Of White Africans and White Elephants
[Published in “Leadership”, Cape Town under the title “A New Note”. 18th Feb, 1986]
Like many white South Africans of my generation I was brought up to think I was European. I went to live in Europe and found this was not true. I returned to Africa and was disappointed to find I could not really regard myself as African. Who and what are White Africans?
One of the biggest crises facing whites (and perhaps urban blacks) in this country today is that of identity. The removal of apartheid will see the removal of the last barrier in our transition from colonialism to nationhood. Those who do not want to see it go have an understandable tribal fear of loss of identity. But for those who do look forward to a nation freed from apartheid, the problem of identity still exists. Clearly, if our new nation is to be something more than a conglomerate of co-existing tribes, a new and LOCAL culture has to be fostered which connects rather than separates the different sectors of our society.
But where to begin? To attempt to abandon our European heritage would be stilted and forced. Like some others of my generation, I became convinced that if we were finally to adapt to our environment, we would have to embark on a reconciliation of African and European aesthetics, of the western and African spirit.
This is not a task to be undertaken in ignorance. It is as important in cultural as in political relations that we do not paper over deep-seated differences – we do not need an African cosmetic job. If we accept Sir Herbert Read’s comment that “Tradition is not a body of beliefs, but a knowledge of skills”, then a new tradition must involve new skills.
Before attempting to reconcile or integrate western or African cultures it is important to have a sound knowledge of their differences, both technically and conceptually. I propose therefore to present an idealised and very generalised picture of the dividing line between the two (obviously there are numerous parallels, but I will ignore these for the time being) and I will centre my argument on the perhaps less familiar realm of music.
Western “art” music specialises in what I would describe as “the magic carpet effect” – it refers to social situations beyond those in which it is performed. For example, a great deal of the music is derived from dance music, but in a concert situation, it is the music that dances – the audience does not. A connoisseur of music rarely taps his foot (thank goodness). The music mentally transports the audience in time and space. As far as the music is concerned, the venue, the time and place of the performance, has little relevance. Beethoven is essentially the same listened to by an audience of thousands in the Albert Hall or alone in your living room in Boksburg.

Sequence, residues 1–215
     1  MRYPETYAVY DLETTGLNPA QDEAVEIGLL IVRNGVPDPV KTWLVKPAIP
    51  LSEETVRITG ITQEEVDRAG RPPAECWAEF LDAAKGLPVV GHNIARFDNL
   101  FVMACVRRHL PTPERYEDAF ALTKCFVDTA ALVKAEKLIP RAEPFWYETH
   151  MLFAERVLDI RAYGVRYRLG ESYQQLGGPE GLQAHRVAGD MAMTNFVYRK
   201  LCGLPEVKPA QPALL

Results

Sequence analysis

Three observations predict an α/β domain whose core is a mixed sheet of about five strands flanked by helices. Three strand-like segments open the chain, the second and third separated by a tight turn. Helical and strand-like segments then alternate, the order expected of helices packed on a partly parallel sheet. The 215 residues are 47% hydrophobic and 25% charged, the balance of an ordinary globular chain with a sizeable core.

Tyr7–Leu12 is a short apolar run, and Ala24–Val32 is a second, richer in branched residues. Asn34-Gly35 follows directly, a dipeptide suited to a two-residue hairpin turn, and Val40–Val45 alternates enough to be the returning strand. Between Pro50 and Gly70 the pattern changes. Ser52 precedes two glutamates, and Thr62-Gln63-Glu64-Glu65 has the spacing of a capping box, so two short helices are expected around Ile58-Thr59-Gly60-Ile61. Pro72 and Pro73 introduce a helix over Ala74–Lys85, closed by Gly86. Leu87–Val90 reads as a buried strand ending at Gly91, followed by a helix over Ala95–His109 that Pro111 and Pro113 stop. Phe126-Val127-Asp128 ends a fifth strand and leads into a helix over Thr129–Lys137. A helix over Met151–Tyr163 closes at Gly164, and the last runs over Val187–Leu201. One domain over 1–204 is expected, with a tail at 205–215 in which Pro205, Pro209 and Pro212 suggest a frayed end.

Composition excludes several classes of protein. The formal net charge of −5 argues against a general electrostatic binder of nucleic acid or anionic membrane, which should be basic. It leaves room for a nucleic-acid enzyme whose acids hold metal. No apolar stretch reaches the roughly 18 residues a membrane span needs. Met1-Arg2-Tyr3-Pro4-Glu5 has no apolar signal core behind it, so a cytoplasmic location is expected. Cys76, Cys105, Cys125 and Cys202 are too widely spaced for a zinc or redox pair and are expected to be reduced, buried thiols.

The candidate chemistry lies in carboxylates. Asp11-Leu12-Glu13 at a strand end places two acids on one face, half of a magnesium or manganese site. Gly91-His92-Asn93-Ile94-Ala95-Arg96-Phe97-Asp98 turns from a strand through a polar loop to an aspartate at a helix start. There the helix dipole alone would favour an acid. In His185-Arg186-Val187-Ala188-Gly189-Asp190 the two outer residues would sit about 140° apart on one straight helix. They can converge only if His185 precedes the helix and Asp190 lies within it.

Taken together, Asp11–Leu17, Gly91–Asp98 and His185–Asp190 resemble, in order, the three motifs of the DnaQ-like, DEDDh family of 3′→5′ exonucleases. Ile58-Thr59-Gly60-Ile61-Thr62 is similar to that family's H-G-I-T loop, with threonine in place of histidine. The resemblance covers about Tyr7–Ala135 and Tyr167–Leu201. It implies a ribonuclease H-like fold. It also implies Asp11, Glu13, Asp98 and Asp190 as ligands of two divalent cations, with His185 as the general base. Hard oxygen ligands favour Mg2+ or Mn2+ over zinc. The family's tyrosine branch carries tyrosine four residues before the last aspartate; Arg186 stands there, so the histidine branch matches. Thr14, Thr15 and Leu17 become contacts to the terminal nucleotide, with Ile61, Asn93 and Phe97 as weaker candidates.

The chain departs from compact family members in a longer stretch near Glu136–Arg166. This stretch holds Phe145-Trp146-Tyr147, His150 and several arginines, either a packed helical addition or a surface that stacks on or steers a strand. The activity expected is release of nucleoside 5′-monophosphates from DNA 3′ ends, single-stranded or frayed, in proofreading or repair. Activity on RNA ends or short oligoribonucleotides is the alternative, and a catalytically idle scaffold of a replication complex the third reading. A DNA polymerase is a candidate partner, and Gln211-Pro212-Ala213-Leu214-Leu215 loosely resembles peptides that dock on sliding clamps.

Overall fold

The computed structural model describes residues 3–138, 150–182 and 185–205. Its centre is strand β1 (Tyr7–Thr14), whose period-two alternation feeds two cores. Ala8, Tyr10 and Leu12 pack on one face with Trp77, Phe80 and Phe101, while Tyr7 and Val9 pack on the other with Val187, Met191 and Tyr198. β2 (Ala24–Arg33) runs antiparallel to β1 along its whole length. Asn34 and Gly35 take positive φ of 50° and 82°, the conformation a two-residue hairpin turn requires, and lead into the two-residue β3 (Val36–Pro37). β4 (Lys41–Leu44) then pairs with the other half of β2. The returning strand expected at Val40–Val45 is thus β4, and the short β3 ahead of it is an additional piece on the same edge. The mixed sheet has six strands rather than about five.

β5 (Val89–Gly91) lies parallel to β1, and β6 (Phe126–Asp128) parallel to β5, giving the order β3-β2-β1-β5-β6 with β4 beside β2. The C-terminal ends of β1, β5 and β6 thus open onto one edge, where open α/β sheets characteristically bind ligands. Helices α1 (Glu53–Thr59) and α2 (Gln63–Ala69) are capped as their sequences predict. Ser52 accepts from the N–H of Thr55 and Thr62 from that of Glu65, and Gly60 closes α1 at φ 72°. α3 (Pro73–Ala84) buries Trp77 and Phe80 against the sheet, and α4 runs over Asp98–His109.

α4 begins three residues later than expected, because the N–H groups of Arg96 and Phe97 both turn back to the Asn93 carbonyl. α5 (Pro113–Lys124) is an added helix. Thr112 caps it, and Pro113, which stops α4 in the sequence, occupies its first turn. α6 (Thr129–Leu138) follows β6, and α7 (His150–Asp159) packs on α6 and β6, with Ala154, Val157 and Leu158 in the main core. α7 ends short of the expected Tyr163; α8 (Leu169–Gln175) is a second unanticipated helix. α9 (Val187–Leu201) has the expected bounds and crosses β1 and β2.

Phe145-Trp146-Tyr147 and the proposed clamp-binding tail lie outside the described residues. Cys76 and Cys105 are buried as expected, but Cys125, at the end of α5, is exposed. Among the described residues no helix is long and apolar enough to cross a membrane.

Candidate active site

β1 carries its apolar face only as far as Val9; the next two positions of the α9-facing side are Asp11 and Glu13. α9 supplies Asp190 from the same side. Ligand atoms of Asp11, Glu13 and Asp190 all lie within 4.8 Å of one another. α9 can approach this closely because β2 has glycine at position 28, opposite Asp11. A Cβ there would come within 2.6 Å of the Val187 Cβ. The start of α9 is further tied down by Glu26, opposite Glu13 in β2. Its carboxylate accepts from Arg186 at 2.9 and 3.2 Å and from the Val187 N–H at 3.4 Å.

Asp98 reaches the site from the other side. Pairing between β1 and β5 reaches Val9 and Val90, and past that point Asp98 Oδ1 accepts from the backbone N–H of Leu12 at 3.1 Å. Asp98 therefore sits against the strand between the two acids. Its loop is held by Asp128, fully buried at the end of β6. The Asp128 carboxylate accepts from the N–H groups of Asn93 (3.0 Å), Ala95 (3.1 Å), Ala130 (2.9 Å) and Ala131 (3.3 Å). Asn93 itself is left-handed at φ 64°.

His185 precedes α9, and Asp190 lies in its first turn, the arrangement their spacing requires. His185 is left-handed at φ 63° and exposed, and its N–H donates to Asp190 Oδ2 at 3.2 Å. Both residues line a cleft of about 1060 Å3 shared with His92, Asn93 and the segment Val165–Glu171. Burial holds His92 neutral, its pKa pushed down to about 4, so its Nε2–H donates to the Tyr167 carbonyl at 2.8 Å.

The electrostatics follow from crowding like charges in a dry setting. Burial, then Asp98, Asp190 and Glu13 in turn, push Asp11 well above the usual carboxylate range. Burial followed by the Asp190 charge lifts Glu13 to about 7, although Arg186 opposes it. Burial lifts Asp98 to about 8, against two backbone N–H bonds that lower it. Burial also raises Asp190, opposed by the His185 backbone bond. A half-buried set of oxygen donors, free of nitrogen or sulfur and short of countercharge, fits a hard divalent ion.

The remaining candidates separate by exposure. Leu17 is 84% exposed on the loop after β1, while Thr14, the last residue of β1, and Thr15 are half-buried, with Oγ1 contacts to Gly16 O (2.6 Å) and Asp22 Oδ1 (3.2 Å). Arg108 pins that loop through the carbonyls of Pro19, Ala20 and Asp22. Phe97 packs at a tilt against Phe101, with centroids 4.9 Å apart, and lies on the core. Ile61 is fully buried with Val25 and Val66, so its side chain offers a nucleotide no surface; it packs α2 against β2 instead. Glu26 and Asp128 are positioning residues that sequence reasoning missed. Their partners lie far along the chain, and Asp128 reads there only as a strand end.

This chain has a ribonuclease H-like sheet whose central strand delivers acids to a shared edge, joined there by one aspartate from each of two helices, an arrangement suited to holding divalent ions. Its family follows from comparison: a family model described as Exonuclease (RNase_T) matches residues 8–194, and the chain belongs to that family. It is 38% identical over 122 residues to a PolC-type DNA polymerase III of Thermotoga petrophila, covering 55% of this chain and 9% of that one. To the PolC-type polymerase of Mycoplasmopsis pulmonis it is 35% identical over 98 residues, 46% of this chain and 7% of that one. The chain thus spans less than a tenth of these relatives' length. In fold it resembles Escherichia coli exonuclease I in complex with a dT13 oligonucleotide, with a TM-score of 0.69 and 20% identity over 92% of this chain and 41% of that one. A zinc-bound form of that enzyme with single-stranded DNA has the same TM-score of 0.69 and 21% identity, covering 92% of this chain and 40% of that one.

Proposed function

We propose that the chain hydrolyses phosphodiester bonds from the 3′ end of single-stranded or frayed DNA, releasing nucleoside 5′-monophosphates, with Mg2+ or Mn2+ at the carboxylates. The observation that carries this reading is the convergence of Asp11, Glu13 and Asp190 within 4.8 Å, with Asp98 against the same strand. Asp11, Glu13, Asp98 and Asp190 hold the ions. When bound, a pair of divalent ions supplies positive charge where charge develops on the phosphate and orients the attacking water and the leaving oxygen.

African music on the other hand, is primarily “folk” music and is inextricably tied up with not only the immediate social situation in which it is performed, but also the social relationships within the cultural group itself.
Panpipe music is a good example. The Pedi dinaka dance is played by eleven men. One plays the drum, the others each have one pipe which plays one note. Each performer must play his note at the right moment interlocked with the others, while executing elaborate dance steps. Clearly a more economical way could have been found to play the same music.
To an outsider, this may look like a primitive version of the modern symphony orchestra. But there are very important differences. Firstly, in the panpipe ensemble, each player is as important as the other, each part is different from the other, there is no “doubling”, there are no 1st, 2nd, or 3rd pipes, there are no hierarchies. The music stresses the role of the individual within the group and the need for working closely together if everything is not to fall apart.